Each April, employers must ensure that their organisation complies with the latest round of amended employment laws and deadlines. As well as dealing with the ongoing impact of coronavirus (Covid-19), important issues in April 2020 include:
Changes to written statements of terms and conditions
From 6 April 2020, the requirement to provide a written statement of terms and conditions extends to workers, not just employees. This includes casual and zero hours workers.
The right to a statement no longer requires a minimum length of service and applies from the worker’s first day working for the organisation.
There are also changes to the information that the written statement must include.
New rights to parental bereavement leave and pay
Bereaved parents of a child who dies on or after 6 April 2020 have a new right to take up to two weeks’ parental bereavement leave with pay at a statutory minimum rate.
The right, sometimes referred to as “Jack’s Law”, also applies to stillbirths occurring after 24 weeks of pregnancy.
Employers should review their organisation’s policies and procedures now to ensure that they include time off for bereaved parents. Organisations will need to communicate these policy changes as soon as possible, ideally by 3 April 2020.
New holiday pay calculations for workers with irregular hours
On 6 April 2020, the holiday pay reference period for workers without normal working hours increases from 12 weeks to 52 weeks.
Employers will need to adjust how they calculate holiday pay for workers with irregular hours, for example those in seasonal or atypical roles. Your organisation’s holiday policy may also require adjusting if it refers to the holiday pay reference period.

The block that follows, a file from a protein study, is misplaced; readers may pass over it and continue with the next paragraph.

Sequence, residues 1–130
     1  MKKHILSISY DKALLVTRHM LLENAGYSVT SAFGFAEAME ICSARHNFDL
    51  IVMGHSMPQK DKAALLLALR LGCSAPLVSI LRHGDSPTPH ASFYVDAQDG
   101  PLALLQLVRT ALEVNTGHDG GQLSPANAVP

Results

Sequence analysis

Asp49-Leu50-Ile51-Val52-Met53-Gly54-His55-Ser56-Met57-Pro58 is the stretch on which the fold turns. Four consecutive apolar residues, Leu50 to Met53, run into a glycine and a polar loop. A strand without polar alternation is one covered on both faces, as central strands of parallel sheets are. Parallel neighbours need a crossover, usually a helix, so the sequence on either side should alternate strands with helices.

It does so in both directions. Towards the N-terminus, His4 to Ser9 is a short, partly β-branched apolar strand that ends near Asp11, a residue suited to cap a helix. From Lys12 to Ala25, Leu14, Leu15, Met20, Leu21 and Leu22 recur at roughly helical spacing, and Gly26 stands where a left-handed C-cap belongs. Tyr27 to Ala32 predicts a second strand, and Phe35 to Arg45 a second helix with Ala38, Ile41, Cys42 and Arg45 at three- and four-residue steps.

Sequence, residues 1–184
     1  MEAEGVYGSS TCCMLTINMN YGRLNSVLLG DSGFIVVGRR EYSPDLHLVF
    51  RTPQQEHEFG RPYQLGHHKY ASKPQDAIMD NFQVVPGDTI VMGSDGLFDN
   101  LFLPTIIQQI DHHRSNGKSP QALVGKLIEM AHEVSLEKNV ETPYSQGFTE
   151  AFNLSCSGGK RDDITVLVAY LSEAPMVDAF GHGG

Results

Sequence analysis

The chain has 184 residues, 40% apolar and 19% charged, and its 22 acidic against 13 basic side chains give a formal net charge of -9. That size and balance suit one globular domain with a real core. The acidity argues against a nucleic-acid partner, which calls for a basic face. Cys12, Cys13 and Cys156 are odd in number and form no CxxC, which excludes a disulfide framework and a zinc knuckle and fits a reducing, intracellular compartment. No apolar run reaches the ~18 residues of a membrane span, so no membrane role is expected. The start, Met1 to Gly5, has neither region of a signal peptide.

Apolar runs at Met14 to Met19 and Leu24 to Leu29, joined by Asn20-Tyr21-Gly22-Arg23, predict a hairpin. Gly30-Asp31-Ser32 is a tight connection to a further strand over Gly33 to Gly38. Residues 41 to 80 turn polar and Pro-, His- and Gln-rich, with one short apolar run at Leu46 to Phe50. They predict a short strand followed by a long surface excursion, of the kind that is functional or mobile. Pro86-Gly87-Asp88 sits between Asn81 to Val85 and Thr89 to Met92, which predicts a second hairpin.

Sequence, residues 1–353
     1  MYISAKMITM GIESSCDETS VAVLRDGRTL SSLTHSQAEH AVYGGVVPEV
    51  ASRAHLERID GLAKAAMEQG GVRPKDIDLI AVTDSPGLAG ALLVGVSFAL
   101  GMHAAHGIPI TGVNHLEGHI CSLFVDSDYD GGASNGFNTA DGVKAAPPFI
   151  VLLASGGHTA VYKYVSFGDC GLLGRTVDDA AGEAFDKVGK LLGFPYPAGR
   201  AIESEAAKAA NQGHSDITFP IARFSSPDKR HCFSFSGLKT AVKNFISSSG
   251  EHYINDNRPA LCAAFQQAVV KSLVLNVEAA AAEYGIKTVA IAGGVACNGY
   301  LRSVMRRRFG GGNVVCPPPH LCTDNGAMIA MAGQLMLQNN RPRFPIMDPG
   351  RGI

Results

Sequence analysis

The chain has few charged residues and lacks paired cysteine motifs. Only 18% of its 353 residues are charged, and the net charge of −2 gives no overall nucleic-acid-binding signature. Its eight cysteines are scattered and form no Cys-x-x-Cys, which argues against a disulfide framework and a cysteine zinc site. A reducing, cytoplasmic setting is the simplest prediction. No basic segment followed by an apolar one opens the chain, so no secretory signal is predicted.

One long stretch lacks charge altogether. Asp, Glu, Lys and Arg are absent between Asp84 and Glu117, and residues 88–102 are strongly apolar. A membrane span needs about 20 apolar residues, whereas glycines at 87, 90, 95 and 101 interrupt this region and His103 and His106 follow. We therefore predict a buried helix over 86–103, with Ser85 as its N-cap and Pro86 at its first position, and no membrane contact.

Employers should also check the contracts of employment of workers with irregular working hours to ensure that, where the reference period is mentioned, it is updated with the new period.
Increases to the National Minimum Wage
The national living wage for workers aged 25 and over increases to £8.72 per hour on 1 April 2020.
Other national minimum wage rates also increase on 1 April 2020, with hourly rates rising to £8.20 for workers aged 21 to 24, to £6.45 for workers aged 18 to 20 and to £4.55 for workers aged 16 or 17.
Increased rates for maternity, paternity, adoption and shared parental leave
The weekly rate of statutory maternity, paternity, adoption and shared parental pay increases to £151.20 from 5 April 2020.
It is up to employers to make sure that staff on maternity, paternity, adoption, shared parental leave and sick leave are paid these statutory minimum rates.
Increased rates for statutory sick pay
The weekly rate of statutory sick pay increases to £95.85 from 6 April 2020.
In the wake of coronavirus (Covid-19), the Government has announced that it will introduce measures requiring employers to pay statutory sick pay from the first day of an employee’s sickness, rather than after three waiting days.
Changes to the unfair dismissal award
The maximum compensatory award for unfair dismissal increases from £86,444 to £88,519 for dismissals that take place on or after 6 April 2020.
Increase in statutory redundancy pay
New limits on employment statutory redundancy pay come into force on 6 April 2020.
Employers that dismiss employees for redundancy must pay those with two years’ service an amount based on the employee’s weekly pay, length of service and age. The weekly pay is subject to a maximum amount. This amount is £538 from 6 April 2020.
Larger employers with 250 or more employees should also be working on their third gender pay gap report.
Meanwhile, the Government has confirmed that the extension of IR35 tax rules to private-sector employers will be delayed until 6 April 2021.
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